Looking back…


August 15, 2008
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In case you were wondering about notable science events that occured the week following August 15…

Hat Creek Radio Observatory
Creative Commons License photo credit: kathycsus

Is there intelligent life out there? On August 15 of 1977, The Big Ear, a radio telescope that acts as part of the Search for Extra-Terrestrial Intelligence (SETI) picked up a signal from deep space. The characteristics of the signal marked it as non-terrestrial and from a point of origin outside the solar system. The signal lasted for 72 seconds (the telescope turns – so it was only pointed in the direction of the signal for 72 seconds) and has never been detected again. The source of the signal, referred to as the Wow! signal, is still unknown. Current theories are that the signal originated from Earth and bounced back off of a piece of space debris, or that the signal came from a natural phenomenon known as atmospheric twinkling.

On August 17, 1970, Venera 7, a Soviet space probe, was launched towards Venus. The probe landed on the surface of Venus in December of the same year, making it the first time a man-made object transmitted data back to Earth from the surface of another planet.

Also on August 17, but in 1982, the first Compact Discs (commonly refered to as CDs) were released to the public. CDs are still the standard medium playback for audio recordings today.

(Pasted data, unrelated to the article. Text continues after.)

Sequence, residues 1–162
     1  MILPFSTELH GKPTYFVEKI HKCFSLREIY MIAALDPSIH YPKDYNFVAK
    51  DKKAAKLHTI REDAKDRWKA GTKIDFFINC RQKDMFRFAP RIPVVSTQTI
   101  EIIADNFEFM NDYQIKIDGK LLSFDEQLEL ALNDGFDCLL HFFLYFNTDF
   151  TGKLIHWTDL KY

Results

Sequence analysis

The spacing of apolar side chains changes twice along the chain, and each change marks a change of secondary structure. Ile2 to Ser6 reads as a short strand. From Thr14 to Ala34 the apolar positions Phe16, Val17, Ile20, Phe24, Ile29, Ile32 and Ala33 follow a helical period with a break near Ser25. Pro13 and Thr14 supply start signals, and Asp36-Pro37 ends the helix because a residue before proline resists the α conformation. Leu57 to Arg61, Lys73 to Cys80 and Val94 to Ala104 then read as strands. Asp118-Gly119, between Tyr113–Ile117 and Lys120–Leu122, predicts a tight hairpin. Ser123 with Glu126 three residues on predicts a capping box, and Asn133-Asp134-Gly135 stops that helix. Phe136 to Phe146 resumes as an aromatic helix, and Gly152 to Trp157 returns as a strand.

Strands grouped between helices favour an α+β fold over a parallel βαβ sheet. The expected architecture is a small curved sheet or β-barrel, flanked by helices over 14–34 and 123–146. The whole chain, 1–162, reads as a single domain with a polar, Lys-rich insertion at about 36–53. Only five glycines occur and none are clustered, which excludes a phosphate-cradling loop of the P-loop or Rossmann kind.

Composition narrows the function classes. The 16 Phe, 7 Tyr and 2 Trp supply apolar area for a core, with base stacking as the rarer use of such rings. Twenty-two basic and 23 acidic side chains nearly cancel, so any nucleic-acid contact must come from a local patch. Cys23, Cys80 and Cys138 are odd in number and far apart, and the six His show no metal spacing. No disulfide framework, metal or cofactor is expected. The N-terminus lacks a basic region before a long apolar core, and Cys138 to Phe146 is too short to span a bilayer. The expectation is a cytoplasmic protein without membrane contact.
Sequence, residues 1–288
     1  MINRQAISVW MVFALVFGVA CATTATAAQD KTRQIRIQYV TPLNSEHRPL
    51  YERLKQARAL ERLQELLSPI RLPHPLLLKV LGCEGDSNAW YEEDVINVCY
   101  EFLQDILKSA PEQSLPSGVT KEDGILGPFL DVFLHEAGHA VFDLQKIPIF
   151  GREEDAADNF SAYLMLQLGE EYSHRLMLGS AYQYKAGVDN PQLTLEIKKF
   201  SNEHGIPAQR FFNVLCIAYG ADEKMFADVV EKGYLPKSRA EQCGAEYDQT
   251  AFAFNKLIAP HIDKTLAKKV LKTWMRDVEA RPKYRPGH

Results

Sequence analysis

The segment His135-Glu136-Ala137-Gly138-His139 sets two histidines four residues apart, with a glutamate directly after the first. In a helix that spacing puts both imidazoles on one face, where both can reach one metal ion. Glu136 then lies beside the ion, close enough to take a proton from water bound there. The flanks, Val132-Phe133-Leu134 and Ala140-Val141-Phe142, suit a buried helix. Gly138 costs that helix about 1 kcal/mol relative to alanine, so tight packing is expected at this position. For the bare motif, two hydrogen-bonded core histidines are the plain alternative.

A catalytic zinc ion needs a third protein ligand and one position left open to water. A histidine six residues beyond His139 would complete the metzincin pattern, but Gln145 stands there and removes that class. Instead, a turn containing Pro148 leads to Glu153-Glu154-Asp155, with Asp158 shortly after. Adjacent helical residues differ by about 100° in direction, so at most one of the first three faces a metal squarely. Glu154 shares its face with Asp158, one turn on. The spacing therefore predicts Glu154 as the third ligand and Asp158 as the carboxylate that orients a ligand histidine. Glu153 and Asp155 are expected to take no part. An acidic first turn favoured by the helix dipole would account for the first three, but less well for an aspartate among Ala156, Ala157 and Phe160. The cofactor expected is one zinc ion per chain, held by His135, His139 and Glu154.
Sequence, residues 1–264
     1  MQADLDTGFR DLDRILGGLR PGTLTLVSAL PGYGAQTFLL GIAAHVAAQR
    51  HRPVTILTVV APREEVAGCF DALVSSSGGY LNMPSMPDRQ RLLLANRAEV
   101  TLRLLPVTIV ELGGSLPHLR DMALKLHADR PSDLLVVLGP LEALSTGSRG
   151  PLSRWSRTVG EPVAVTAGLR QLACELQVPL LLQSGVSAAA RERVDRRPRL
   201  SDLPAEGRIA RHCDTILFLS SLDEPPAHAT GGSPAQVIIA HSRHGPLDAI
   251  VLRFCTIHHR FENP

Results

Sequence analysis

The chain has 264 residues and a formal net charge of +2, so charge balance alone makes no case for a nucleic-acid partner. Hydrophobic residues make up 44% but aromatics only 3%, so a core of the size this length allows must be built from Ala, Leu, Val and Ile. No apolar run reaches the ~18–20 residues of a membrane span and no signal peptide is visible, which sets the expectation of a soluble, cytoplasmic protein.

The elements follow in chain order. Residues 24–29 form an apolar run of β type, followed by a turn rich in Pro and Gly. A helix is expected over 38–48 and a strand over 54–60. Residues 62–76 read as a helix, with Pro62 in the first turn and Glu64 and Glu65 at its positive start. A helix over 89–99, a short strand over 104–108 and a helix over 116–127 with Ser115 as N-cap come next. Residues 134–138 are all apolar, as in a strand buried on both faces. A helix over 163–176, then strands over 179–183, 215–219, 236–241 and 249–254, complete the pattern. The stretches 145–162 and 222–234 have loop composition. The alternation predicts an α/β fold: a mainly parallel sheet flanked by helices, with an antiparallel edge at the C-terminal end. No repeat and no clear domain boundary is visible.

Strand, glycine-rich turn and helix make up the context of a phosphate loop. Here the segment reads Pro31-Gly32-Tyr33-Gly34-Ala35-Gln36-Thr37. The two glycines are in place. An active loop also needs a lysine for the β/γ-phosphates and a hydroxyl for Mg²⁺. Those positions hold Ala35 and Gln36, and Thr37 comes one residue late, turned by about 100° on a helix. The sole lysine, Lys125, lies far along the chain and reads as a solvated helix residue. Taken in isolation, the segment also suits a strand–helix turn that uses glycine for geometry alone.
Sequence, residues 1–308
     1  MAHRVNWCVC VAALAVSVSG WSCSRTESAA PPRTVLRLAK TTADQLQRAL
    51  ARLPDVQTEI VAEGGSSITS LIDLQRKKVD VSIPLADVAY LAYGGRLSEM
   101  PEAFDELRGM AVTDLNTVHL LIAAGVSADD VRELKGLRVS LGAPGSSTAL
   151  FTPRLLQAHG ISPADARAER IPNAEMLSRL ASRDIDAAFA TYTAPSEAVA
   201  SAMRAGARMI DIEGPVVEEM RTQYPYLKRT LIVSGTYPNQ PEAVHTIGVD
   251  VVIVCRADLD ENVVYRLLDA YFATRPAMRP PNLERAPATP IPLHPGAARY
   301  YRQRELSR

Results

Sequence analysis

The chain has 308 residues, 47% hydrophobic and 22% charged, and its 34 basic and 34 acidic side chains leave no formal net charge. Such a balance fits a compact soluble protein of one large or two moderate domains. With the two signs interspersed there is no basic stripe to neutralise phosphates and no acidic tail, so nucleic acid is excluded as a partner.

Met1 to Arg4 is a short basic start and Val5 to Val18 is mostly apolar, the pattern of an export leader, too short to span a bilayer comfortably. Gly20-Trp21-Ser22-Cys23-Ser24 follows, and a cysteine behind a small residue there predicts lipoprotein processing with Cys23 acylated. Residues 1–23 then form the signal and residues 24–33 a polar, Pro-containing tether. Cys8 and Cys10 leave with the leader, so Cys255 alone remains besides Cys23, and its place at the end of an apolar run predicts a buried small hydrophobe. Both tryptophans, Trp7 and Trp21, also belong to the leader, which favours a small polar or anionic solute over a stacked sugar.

On August 18, 1868, the French astronomer Pierre Jules Cesar Janssen discovered Helium. While observing a solar eclipse in India, Janssen noticed a bright yellow line with a wavelength of 587.49 nm in the spectrum of the chromosphere of the sun (each element has a different wavelength.) Since his discovery, people have been able to succesfully sing the munchkin songs from the Wizard of Oz  at parties (there were so many different videos to choose from).
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Steven
Authored By Steven Cowan

Steven never dreamed his first job out of college would be in public relations, and on top of that working for one of the top museums in the country. After all, he majored in History at Vassar College. Within three months of graduation, he landed a spot in the PR department and has not looked back since. He is fast becoming a communications fanatic, spending a tremendous amount of his time promoting the museum and all it has to offer.

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